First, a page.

”I wanted to write a black existentialist novel, told in separate parts, that replicated some feelings I have had about being alive.” (from an interview on The Root)
Zadie Smith is best known for her debut, White Teeth; NW is set in the same London neighborhood. NW refers to the area’s postal code, where its main characters grew up.
Some of the novel’s writing could be termed experimental. For example, one of its parts includes stage directions, quiz answers, and online chats.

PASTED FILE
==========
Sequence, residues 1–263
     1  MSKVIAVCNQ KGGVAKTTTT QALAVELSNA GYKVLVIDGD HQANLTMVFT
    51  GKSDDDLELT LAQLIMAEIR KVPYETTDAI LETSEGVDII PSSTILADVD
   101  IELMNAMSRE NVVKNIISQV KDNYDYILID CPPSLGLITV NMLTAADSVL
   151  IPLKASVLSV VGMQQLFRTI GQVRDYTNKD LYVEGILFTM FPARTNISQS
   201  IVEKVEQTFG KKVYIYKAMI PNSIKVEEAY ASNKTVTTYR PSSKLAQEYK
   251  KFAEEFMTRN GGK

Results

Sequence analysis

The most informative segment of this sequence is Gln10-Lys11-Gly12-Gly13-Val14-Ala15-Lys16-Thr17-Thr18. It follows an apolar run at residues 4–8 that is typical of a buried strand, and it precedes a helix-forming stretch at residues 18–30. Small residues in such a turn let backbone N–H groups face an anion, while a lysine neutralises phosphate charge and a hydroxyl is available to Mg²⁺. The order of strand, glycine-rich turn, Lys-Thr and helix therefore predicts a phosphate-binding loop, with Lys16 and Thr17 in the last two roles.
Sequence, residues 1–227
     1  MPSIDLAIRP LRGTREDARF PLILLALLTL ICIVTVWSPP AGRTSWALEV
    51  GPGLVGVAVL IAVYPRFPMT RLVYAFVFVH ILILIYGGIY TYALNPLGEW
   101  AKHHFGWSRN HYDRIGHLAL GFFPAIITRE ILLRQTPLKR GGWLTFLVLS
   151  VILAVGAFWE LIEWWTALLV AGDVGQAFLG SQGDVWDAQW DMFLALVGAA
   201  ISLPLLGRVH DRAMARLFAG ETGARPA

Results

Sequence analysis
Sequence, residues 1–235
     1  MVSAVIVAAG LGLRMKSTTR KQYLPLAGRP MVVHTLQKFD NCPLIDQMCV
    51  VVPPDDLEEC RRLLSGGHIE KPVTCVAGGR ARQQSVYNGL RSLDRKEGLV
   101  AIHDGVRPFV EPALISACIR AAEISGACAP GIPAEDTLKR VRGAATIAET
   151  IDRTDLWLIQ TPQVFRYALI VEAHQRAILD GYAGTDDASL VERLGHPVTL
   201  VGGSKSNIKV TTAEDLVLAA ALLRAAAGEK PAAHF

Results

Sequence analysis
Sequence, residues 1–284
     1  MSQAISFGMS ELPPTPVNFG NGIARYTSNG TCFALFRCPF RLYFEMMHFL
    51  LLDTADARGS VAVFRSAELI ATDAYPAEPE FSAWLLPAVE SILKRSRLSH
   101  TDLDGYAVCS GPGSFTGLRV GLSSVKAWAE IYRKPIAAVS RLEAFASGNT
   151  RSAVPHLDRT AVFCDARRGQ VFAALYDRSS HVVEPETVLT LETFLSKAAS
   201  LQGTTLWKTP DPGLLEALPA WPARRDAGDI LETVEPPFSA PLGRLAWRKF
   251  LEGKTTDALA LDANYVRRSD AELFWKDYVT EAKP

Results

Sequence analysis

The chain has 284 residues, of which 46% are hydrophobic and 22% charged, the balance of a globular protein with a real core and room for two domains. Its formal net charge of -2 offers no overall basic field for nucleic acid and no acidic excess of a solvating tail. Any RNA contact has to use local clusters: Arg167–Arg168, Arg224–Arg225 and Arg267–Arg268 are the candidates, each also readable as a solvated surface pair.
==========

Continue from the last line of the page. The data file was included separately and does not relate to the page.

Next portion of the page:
Adult/High School–”I am the sole author of the dictionary that defines me.” This quote comes very early in the story, and deftly frames each of the characters in this interesting portrait of residents of northwest London’s “council flats,” known in the U.S. as public housing. The novel is centered around the lifelong, sometimes bumpy relationship between friends Keisha Blake and Leah Hanwell. It reaches out from there to draw in family, lovers, and other residents, all speaking from a variety of cultures, social classes, and life expectations. The sections of the book are written in different styles, reflecting the characters’ personalities: Leah, unhappily married and working for a non-profit is softer and somewhat scattered; Keisha (now Natalie), a successful lawyer who has a secret life kept hidden from her husband and two children, is straightforward and analytical. Other characters bring their unique voices to weave connections and round out the story of changing lives, hard decisions, success, and tragedy, all emerging from this neighborhood. Though the narrative meanders at times, Smith’s portrayal of everyday lives–more complex than they appear on the surface–is an interesting look at an economically and culturally diverse group and how they all connect in this community. Mature teens who appreciate character-driven stories and a challenging structure will find a lot to enjoy in this book.–Carla Riemer, Claremont Middle School, CA